Skip to main content

Sex, Murder, Mystery...The Truth About the Harry Quebert Affair

I recently finished The Truth About the Harry Quebert Affair, a murder mystery set in the fictional town of Somerset, New Hampshire. I am not usually a fan of murder mysteries, but I managed to finish Joel Dicker's 600 plus pages in three days. If that's not an endorsement, I don't know what is. An international bestseller, The Truth About the Harry Quebert Affair seems to have garnered more acclaim in Europe than America; winning multiple awards in France, while being described as "disappointingly pedestrian" by Heller Mcalpin of NPR's Book Review. I will concede that The Truth About the Harry Quebert Affair is not great literature, but that does not make it any less entertaining or enjoyable. Matisse once said that art should be like "a good armchair which provides relaxation from physical fatigue."  The Truth About the Harry Quebert Affair provides this relaxation. It is a good book for the beach or for those suffering from sleep deprivation, such as after the birth of a new baby.

In 1975, the beautiful and charming, fifteen year old, Nola Kellergan goes missing. With no body or definitive evidence ever found, the case remains unsolved. Thirty three years later, her body is found on the property of Harry Quebert, a famous writer and popular university professor. To make matter's worse, Nola's body is found buried with a copy of Harry's award winning book, The Origin of Evil. Harry, who would have been thirty-four in 1975, admits to having a relationship with the fifteen year old Nola, but denies having played a role in her murder. Convicted in the court of public opinion, Harry's innocence looks dubious at first. He is quickly arrested and held in jail without bail.

In steps Marcus Goldman, the book's narrator and Harry's former student, who is himself a writer. In an attempt to clear his mentor's name, Marcus begins to investigate Nola's disappearance and write a book to exonerate Harry. The Truth About the Harry Quebert Affair is Marcus' book. As the reader advances further into the book within a book, the suspects pile up and the truth becomes murkier and murkier. The origins of evil no longer seem quite as clear as they did at the beginning, but this is what keeps the book entertaining. As Harry Quebert advises, "a good book, Marcus, is a book you are sorry has ended" (Dicker 637).  I, for one, am sorry I have finished The Truth About the Harry Quebert Affair.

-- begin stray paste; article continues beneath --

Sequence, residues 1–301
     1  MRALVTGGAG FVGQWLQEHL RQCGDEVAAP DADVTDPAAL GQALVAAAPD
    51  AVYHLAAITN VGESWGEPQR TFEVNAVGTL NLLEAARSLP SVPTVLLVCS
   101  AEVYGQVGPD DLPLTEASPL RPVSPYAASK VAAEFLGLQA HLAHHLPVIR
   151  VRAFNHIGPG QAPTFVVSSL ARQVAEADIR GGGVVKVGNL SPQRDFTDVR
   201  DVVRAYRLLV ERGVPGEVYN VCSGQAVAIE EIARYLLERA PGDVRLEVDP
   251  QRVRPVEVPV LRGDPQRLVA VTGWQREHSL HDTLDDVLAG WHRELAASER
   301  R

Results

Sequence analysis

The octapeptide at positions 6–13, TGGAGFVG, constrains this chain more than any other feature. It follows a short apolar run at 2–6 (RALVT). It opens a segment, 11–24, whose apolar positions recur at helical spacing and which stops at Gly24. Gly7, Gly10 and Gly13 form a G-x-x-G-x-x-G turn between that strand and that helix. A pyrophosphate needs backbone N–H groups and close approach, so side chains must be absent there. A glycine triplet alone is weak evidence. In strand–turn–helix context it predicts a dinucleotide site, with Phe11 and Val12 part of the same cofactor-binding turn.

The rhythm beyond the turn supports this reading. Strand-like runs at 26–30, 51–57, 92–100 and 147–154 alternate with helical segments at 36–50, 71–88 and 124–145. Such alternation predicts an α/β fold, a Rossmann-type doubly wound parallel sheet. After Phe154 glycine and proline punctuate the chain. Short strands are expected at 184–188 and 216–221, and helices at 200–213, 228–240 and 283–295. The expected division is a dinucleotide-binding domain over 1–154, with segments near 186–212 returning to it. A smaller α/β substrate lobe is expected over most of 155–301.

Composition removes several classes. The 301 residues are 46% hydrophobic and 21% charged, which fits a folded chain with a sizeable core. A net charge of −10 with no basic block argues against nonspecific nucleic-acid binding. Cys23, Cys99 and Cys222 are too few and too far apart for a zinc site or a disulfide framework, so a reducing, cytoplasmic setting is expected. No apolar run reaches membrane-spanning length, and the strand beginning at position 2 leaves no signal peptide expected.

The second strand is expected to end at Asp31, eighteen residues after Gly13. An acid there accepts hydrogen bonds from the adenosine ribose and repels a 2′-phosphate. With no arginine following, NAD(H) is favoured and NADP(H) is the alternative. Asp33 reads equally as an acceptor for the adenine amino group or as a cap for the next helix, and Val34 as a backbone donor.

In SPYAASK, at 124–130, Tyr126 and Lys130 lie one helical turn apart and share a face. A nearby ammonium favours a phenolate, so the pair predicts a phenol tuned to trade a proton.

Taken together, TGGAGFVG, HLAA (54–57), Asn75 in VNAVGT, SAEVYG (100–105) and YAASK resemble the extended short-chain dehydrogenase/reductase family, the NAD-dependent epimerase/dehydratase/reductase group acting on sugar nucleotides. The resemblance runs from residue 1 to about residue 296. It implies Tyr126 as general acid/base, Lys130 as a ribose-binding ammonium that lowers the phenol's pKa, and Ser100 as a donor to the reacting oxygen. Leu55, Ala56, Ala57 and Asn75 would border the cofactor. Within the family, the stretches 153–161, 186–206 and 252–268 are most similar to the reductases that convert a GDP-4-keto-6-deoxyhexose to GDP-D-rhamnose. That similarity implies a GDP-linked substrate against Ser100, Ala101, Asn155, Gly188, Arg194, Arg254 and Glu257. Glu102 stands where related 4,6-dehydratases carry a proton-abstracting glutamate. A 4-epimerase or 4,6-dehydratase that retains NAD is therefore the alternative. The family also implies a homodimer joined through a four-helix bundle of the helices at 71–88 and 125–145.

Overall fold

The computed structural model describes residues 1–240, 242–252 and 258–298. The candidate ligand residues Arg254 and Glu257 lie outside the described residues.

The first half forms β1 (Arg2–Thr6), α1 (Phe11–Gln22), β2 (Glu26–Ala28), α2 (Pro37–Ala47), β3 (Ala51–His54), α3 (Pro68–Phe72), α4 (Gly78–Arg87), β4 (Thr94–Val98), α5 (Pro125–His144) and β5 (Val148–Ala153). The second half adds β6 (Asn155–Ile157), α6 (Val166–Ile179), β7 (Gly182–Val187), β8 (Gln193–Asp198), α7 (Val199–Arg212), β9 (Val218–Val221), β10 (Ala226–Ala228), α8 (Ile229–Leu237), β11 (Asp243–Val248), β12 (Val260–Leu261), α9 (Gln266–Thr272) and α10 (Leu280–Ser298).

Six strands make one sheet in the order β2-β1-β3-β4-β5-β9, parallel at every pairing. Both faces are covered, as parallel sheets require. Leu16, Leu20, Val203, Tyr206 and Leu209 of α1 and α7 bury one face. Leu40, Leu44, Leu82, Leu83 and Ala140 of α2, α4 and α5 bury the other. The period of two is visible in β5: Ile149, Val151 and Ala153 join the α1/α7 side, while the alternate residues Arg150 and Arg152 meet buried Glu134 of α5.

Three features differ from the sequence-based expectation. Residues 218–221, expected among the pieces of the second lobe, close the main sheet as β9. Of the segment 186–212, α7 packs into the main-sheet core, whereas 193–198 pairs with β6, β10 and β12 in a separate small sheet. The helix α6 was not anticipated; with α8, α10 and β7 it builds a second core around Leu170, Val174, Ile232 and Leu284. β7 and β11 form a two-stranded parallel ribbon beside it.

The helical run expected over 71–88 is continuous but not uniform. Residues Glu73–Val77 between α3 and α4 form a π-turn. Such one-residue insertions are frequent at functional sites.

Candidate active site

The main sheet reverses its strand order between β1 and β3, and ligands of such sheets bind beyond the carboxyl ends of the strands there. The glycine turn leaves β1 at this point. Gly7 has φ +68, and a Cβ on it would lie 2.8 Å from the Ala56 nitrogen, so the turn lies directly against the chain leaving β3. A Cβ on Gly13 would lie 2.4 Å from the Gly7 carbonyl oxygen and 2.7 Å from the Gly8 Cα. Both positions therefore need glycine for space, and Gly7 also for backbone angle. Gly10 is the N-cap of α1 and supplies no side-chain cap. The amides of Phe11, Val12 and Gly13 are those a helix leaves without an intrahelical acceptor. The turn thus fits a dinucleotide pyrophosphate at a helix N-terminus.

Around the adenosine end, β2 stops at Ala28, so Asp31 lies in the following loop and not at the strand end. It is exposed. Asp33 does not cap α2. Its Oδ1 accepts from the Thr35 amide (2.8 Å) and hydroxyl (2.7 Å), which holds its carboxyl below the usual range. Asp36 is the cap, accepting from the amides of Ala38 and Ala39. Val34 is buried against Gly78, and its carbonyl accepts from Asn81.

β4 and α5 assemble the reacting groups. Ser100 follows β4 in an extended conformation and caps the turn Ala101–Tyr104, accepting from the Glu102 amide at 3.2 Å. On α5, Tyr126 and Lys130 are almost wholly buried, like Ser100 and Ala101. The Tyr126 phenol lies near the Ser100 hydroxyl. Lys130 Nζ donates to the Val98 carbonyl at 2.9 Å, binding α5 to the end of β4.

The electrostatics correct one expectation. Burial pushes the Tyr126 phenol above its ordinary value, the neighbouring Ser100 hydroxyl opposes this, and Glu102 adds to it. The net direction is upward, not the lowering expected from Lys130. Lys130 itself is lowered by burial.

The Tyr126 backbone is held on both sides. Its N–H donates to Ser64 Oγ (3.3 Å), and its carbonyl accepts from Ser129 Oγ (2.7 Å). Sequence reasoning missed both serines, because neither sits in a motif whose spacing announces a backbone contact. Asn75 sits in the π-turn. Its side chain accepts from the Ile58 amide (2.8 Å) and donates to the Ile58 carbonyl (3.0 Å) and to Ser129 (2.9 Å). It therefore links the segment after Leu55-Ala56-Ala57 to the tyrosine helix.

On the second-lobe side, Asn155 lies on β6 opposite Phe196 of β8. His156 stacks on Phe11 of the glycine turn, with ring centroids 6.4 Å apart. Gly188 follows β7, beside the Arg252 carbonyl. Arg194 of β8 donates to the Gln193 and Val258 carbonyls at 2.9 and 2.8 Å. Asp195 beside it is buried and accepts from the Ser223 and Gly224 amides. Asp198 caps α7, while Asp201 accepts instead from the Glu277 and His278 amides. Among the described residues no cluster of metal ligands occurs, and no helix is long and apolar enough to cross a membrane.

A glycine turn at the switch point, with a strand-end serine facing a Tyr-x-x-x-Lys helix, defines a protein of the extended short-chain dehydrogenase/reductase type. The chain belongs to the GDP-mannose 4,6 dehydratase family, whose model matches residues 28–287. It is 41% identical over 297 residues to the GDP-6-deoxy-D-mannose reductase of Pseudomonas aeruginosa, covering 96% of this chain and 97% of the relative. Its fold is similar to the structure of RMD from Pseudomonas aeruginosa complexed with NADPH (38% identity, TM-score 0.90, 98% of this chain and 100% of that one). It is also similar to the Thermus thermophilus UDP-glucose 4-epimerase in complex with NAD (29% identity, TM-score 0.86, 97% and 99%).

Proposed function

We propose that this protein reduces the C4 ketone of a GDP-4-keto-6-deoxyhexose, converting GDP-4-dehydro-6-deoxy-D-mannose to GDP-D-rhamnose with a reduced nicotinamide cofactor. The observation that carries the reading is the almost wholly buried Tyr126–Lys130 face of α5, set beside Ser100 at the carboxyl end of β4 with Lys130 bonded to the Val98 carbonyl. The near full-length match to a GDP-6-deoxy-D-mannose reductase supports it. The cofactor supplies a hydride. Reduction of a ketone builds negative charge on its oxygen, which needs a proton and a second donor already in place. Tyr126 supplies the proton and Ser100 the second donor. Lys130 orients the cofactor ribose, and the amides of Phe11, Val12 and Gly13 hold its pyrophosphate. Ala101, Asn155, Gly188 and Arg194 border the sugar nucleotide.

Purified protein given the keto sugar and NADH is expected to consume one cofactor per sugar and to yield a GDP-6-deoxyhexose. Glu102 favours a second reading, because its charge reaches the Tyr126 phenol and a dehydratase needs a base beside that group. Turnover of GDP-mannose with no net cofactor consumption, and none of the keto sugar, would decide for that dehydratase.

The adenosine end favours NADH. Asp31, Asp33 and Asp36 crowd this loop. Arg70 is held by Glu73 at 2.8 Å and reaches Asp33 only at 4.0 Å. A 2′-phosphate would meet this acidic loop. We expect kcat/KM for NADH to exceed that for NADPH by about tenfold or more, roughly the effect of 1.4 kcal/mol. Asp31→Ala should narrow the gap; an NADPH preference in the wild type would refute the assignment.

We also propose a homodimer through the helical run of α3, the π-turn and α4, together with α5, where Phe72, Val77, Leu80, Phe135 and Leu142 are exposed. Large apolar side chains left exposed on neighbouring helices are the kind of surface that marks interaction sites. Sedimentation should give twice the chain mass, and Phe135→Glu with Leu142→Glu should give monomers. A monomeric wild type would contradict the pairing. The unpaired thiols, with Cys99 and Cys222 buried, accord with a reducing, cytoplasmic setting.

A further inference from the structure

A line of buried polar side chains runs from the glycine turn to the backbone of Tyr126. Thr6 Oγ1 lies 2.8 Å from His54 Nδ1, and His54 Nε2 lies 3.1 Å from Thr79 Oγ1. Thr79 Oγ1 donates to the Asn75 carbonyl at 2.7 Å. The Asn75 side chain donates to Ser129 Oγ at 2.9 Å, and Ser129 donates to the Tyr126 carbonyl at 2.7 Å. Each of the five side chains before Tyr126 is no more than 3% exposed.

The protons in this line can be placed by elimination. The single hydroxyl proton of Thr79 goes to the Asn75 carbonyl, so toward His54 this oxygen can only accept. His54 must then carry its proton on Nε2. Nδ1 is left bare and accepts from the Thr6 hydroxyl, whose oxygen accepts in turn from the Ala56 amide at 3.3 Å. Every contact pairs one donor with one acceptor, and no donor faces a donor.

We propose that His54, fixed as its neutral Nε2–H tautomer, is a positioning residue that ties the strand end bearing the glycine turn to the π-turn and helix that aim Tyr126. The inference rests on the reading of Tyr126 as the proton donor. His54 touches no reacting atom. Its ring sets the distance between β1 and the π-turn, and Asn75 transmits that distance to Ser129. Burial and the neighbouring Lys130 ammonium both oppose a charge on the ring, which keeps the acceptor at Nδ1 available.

Share your opinions about The Truth About the Harry Quebert Affair or subscribe to the Koo Review.


Popular posts from this blog

Influence People

Today we continue exploring Dale Carnegie's book How to Win Friends and Influence People.  The first part of this two series post was on How to make friends which you can check out by clicking the link below:

How to make friends

The other portion of this text is about influencing people.  If you'd like to read all the points that Dale Carnegie suggests, wikipedia does a nice job of laying it out in an easy to read format in the link below.

While Mr. Carnegie lists out twelve key points to winning people over to your way of thinking, I'd like hone in on a few of his points that in my opinion are the most important.  I think because these points feel so counterintuitive that it becomes difficult to understand how these points could be valid.

Nonetheless, I would like to share my thoughts with you on these few ideas and pair them with a brief anecdotal.  Then you can be the judge and determine its merits or…

Special Friday Post - My Yahoo Portfolio Experience - Part 1

If you have read the Koo Review before then you know that we are avid readers.  I have especially been interested in finance and investing as of late, as well as some marketing.

One of the key items I've learned from reading TheIntelligent Investor by Benjamin Graham were strategies on how to invest in the stock market.  I created a Yahoo Portfolio account to track five companies that I found on the 52 week low list that I would have picked back on July 14th to invest in.  
I purchased 100 shares of each company (to keep things simple).  My focus was:
1) Large cap companies. 2) A history of steady dividend payments. 3) Consistent positive net income for the past three years. 4) An established brand 5) The company sold or produced something that I understood
So as you see below this is how our portfolio did after three weeks.

So while it was not all great, you can see that the total gain was $558 as of August 4, 2017 at 10:45 a.m.
I'm really excited that this portfolio is movi…

How to make friends

How to make friends and influence by Dale Carnegie is one of the most influential books of all time.  Much like the title suggests, it is a self-help book that provides a mindset and strategies to make friends and influence people.  As an exploration of this text, we are going to do a two-part series on Carnegie's book, with today's post focusing on making friends.

I found out about this book when I was reading an interview on Barbara Cocoran.  The founder of the Cocoran Group and current panelist/investor on Shark Tank.  In the interview she mentioned that the last book she had read was the aforementioned text.  She stated that this book was her guide to interacting with people and with making sales.

I must admit that even in my own life I have incorporated parts of this book into my interactions.  In addition, as a person who has gone through leadership training programs, I am shocked at how much of his teachings are incorporated into the modern educational leadership progr…